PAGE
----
Thames Water and Affinity Water team up with environmental groups to improve the health of local chalk streams
Tuesday 19th October 2021 10:25
Thames Water and Affinity Water, have helped to launch an ambitious new initiative that aims to improve the health of local chalk streams, starting with those in the Chilterns.
The water companies have held a number of meetings with key stakeholders including river groups, local councillors, regulators and MPs to devise a new way of measuring the health of the chalk streams that currently falls outside of existing legislative obligations.
The publication of this Metric is timely following two new reports released this month (October) on the state of the UK's rivers with calls to action. The industry body, Water UK has just released its report, 21st Century Rivers: From Recovery to Renewal. A consortium of groups created by CaBA last week (October 15) published its Chalk Stream Restoration Strategy 2021. Partners included Defra, the Environment Agency, Natural England, Water Companies, Ofwat, and NGOs.
To develop the new ‘chalk stream health metrics’ Thames Water has worked with Affinity Water, and the Arup group. The project was jointly funded by the water companies and has been supported by expertise from Cambridge University, the Environment Agency, the River Restoration Centre and Chalk Streams First.
This new innovative approach will be shared with catchment partnerships, river groups and piloted in partnership in the Chess River catchment area. It will also form part of Thames Water’s Smarter Water Catchment initiative to enhance and protect the River Chess.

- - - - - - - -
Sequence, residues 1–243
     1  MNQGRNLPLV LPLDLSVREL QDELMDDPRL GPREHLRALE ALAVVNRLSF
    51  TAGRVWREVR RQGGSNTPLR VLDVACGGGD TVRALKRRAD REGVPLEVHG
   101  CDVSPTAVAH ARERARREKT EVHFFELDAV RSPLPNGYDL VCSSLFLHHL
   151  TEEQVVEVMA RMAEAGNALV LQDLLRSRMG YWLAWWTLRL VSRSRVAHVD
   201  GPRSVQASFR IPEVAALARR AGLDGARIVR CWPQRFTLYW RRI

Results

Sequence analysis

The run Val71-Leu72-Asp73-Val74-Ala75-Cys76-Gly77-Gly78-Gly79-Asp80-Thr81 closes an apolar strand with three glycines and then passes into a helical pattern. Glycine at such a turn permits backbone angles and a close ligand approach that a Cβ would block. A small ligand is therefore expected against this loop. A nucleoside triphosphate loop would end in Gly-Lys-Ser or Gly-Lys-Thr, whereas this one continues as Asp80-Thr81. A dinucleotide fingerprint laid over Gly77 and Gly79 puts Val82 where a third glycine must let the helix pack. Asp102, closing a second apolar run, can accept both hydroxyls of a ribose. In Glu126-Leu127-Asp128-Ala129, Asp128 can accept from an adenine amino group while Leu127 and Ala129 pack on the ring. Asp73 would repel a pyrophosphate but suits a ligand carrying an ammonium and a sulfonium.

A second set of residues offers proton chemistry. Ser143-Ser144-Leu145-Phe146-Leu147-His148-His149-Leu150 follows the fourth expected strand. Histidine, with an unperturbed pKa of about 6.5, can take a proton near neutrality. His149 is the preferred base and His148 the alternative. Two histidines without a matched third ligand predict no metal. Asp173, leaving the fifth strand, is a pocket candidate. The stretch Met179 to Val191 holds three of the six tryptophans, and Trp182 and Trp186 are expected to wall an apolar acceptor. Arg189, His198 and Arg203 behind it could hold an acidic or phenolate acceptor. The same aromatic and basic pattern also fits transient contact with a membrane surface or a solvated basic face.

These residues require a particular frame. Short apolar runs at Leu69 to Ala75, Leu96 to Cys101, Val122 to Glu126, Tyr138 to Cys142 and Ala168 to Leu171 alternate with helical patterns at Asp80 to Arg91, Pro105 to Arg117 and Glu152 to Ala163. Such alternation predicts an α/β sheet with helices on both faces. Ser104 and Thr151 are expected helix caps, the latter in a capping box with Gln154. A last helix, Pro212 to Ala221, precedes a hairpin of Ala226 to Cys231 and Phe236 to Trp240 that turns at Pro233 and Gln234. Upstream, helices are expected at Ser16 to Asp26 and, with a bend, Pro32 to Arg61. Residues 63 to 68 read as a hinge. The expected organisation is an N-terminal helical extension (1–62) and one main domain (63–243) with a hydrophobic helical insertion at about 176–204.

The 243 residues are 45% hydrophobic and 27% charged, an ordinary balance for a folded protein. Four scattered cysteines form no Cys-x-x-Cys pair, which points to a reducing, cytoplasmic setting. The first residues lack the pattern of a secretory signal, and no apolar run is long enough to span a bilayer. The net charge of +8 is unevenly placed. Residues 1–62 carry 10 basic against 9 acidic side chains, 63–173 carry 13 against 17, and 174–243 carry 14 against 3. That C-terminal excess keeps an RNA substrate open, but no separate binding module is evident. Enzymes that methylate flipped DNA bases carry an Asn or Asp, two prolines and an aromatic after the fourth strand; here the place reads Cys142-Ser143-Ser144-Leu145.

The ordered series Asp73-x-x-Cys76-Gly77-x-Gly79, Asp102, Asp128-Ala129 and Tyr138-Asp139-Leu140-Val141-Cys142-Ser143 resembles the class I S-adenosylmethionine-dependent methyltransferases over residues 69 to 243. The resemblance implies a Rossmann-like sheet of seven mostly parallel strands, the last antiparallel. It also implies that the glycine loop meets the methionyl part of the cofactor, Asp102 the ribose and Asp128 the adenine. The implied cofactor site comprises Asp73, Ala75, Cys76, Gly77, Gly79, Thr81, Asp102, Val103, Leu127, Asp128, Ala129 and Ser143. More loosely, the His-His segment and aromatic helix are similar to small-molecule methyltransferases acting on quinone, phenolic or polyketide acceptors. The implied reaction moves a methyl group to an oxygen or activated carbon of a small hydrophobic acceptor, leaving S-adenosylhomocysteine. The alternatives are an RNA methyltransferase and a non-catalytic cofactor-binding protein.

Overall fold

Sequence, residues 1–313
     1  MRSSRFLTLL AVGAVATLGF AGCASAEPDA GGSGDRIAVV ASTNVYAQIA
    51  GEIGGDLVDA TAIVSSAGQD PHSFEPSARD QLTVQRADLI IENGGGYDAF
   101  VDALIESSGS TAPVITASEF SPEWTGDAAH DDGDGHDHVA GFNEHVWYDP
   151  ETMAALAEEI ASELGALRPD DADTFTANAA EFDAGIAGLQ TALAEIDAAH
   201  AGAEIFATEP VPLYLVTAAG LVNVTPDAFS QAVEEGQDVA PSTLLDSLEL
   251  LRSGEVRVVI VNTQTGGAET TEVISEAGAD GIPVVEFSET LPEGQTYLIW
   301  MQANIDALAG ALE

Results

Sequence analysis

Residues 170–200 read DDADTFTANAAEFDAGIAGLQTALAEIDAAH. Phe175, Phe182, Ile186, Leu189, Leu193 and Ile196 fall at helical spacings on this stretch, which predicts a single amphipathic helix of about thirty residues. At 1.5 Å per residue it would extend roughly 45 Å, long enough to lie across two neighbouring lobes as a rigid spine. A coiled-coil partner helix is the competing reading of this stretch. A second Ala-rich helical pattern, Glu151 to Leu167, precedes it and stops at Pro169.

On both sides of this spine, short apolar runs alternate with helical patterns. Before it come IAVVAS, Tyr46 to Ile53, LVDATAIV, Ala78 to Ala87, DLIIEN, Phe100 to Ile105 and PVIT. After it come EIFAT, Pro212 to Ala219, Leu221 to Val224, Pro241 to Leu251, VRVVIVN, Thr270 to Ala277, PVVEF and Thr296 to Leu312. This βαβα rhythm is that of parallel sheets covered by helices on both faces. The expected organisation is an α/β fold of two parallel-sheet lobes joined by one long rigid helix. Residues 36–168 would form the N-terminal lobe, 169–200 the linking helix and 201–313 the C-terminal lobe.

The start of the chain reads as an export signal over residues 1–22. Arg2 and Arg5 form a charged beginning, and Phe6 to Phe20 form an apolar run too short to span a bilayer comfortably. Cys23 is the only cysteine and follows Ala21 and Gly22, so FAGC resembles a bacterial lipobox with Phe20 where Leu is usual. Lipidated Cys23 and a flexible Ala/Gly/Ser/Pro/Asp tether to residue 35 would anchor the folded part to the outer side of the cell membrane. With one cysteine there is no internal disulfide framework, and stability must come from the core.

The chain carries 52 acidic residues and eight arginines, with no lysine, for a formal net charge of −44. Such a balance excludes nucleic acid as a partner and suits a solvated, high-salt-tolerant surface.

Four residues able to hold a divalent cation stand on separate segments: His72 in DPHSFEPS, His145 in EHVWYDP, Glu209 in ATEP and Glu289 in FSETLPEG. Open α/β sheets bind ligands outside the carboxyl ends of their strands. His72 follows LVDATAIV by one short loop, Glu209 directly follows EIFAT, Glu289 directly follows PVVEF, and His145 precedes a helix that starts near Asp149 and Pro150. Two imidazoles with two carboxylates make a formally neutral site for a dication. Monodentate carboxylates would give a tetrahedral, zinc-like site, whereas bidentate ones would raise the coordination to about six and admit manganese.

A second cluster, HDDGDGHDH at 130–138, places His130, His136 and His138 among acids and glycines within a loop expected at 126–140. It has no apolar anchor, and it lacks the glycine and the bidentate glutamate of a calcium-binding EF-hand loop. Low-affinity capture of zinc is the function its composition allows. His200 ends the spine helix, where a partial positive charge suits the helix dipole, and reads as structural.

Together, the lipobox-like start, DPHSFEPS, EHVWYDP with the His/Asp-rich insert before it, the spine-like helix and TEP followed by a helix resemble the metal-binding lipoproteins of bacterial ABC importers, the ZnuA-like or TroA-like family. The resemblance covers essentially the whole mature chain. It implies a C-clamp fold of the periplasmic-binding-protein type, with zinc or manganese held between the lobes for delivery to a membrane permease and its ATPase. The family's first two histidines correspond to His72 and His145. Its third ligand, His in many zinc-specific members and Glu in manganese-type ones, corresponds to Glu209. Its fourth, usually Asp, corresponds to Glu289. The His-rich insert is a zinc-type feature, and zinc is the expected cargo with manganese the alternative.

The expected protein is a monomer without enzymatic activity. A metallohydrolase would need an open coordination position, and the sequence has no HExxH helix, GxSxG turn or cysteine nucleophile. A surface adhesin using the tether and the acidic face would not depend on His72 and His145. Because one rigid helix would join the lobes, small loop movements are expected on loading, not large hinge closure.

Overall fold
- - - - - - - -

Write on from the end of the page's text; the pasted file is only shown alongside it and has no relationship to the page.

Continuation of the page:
Richard Aylard, Thames Water’s sustainability director said: “Chalk streams are not only breath-taking, they’re an invaluable part of our natural heritage, which benefit local communities and wildlife. Restoring and protecting chalk streams requires a team effort and the new health metrics will help measure our collective activities to improve these important rivers and make a difference to how wastewater is managed across the Chilterns.
“At Thames Water we think investment in water quality improvements for chalk streams is really important and we’re increasing capacity at Chesham sewage works by 39% over the next two years to treat the flows that arrive on site. By actively listening to our customers and working in collaboration with Affinity Water, we can play our part in ensuring these iconic water bodies are enjoyed by future generations.”
Sir Charles Walker said: “I was pleased to Chair this working group and believe that the new metrics that Affinity Water, Thames Water and Arup have developed will make a significant impact on the health of England’s chalk streams. During the Covid19 lock-down we have come to realise how important our countryside and rivers are for our physical and mental health and we must do more to improve and enhance them for this and future generations who benefit in all kinds of ways from them. Humans and wildlife should be able to share nature’s gifts and live side by side together and this new innovative metrics approach will at last be able to give us a proper measurement of the health of our chalk streams and a proper plan of how we can improve them.”